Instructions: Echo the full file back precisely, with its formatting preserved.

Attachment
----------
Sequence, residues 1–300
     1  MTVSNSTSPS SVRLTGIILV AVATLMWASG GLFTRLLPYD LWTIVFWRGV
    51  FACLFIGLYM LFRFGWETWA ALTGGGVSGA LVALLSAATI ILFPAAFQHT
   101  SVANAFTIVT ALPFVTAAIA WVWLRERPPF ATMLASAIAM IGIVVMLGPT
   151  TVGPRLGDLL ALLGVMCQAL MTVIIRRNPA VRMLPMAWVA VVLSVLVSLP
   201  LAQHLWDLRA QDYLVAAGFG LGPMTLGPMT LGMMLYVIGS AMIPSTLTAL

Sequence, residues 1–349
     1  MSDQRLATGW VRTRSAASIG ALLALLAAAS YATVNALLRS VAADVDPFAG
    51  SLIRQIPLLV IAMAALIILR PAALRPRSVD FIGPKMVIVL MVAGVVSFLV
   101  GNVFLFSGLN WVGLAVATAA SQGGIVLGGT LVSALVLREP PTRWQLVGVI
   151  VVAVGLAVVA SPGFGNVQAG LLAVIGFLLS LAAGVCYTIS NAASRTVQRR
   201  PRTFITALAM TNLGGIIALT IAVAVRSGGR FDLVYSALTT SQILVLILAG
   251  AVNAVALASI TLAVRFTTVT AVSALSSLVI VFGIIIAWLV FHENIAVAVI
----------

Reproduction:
Sequence, residues 1–300
     1  MTVSNSTSPS SVRLTGIILV AVATLMWASG GLFTRLLPYD LWTIVFWRGV
    51  FACLFIGLYM LFRFGWETWA ALTGGGVSGA LVALLSAATI ILFPAAFQHT
   101  SVANAFTIVT ALPFVTAAIA WVWLRERPPF ATMLASAIAM IGIVVMLGPT
   151  TVGPRLGDLL ALLGVMCQAL MTVIIRRNPA VRMLPMAWVA VVLSVLVSLP
   201  LAQHLWDLRA QDYLVAAGFG LGPMTLGPMT LGMMLYVIGS AMIPSTLTAL

Sequence, residues 1–349
     1  MSDQRLATGW VRTRSAASIG ALLALLAAAS YATVNALLRS VAADVDPFAG
    51  SLIRQIPLLV IAMAALIILR PAALRPRSVD FIGPKMVIVL MVAGVVSFLV
   101  GNVFLFSGLN WVGLAVATAA SQGGIVLGGT LVSALVLREP PTRWQLVGVI
   151  VVAVGLAVVA SPGFGNVQAG LLAVIGFLLS LAAGVCYTIS NAASRTVQRR
   201  PRTFITALAM TNLGGIIALT IAVAVRSGGR FDLVYSALTT SQILVLILAG
   251  AVNAVALASI TLAVRFTTVT AVSALSSLVI VFGIIIAWLV FHENIAVAVI